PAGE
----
College Plan Timeline:

High school grades affect your GPA and class rank, two crucial elements that college admissions boards always look at first.

Discover unique tips on how to manage the hundreds of things on your mind for college.

You’re only midway through your sophomore year and you can already tell that things are going to get complicated regarding this whole college planning process. Sure you have your college calendar to keep you organized, and your counselor and parents to help you stay on top of things, but a lot of the responsibility preparing for and choosing a college ultimately comes down to you.

On top of all that, you have sports, and extracurricular activities, and volunteering hours to worry about. Your social life is ever present, and you might even have a job in the mix.

You’re getting pulled in a lot of directions, and there’s a lot competing for your attention. But throughout all this, you must remember that the first thing colleges always look at is your high school transcripts.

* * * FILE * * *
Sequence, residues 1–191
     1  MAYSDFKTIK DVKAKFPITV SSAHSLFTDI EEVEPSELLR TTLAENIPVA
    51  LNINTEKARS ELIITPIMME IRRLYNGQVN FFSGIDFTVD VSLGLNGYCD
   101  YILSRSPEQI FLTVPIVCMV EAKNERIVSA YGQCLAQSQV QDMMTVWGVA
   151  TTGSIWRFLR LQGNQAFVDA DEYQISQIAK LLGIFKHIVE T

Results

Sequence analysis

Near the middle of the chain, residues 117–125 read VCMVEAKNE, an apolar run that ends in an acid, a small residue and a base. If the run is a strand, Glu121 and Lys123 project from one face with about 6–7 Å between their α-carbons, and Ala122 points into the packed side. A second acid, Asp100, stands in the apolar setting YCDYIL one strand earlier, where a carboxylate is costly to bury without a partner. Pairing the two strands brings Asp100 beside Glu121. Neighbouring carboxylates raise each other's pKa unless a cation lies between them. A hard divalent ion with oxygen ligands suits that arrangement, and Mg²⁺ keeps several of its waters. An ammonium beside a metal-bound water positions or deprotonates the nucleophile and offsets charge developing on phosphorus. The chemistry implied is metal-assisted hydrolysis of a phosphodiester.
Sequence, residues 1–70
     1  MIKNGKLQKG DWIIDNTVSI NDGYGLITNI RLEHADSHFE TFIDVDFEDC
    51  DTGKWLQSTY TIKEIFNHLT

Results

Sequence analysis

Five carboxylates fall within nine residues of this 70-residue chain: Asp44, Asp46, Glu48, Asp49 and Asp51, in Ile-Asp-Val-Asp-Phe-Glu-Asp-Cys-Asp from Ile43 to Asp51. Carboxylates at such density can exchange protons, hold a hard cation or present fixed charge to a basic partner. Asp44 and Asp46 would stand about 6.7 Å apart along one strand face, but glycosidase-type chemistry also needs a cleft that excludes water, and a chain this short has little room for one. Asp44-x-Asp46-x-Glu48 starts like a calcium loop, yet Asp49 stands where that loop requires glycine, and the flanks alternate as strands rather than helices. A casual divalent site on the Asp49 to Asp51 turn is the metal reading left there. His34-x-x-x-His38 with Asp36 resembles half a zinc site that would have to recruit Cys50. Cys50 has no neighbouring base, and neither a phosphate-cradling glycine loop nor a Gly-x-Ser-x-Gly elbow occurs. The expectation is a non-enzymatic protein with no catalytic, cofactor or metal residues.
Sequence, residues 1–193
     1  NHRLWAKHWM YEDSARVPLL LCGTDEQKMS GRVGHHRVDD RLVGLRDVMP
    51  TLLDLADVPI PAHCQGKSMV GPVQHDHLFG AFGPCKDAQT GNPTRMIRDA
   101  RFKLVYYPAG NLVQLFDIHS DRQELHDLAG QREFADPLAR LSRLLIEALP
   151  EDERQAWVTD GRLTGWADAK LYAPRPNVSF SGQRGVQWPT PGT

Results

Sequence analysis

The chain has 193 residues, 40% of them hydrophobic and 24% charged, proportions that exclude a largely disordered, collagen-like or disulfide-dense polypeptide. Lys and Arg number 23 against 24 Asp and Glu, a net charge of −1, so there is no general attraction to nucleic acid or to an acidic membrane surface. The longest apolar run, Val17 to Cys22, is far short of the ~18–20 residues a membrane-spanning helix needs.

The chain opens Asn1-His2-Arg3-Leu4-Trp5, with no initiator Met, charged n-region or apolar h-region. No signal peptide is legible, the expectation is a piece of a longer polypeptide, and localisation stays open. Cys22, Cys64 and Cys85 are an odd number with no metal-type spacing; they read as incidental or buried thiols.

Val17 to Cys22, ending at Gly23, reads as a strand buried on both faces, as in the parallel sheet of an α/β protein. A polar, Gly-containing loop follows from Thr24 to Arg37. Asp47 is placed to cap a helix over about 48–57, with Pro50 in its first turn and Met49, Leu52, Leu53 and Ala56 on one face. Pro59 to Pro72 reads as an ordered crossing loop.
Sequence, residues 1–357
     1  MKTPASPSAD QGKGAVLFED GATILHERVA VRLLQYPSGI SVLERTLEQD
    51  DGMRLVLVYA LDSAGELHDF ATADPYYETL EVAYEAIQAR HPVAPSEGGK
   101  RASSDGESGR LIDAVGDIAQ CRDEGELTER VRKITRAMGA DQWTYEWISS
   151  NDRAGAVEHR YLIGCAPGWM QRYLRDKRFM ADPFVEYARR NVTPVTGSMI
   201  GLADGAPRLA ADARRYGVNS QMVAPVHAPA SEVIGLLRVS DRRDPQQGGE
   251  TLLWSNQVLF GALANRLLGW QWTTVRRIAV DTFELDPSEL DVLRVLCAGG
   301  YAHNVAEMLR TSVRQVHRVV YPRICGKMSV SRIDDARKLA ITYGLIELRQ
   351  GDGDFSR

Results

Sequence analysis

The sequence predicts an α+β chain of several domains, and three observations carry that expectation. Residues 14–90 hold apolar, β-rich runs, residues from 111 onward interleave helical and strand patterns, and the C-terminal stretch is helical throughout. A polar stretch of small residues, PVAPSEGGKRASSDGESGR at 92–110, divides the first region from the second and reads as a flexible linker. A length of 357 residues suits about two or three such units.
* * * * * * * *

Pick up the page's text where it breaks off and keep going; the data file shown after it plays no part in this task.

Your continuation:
That is, your grades.

It’s easy to tell yourself, “Self, I’m going to keep my grades up.” But in practice it can be more difficult. Everyone already knows that keeping organized and avoiding procrastination will help you do well in your high school courses, but let’s take a look at some specific tips you may have not thought of that might help you refocus on your academic performance.

Keeping Your Grades Up: Tips

  • Develop strong relationships with your teachers.

All teachers will tell you that they are much more likely help (or give a break to) a student who engages the teacher. Spend some time after class, schedule a student-teacher conference, or just say hi to your teachers in the hallway. This tiny effort can pay off big in the long-run. Added bonus: The teacher(s) you are close to may end up writing your letter of recommendation.

  • Complete all your assignments.

While this might seem like a “Well duh,” scenario, you’d be surprised at how many students give up on an assignment after the due date. Teachers don’t want to see you fail, so even if Mr. Jones has a no late assignments policy in his chemistry class, talk to him one-on-one and see if there is any way he would accept the assignment for a fraction of the credit. These fractions add up big time when it comes to your final grade.

  • Go to class.

Another obvious tip? Not quite. If you’re active in extracurricular activities (like you should be), you don’t have the luxury of skipping class on a whim. When you miss class, deadlines get mixed up, teachers get confused, and papers get misplaced. If you want to avoid complicating your life even further, avoid missing classes.

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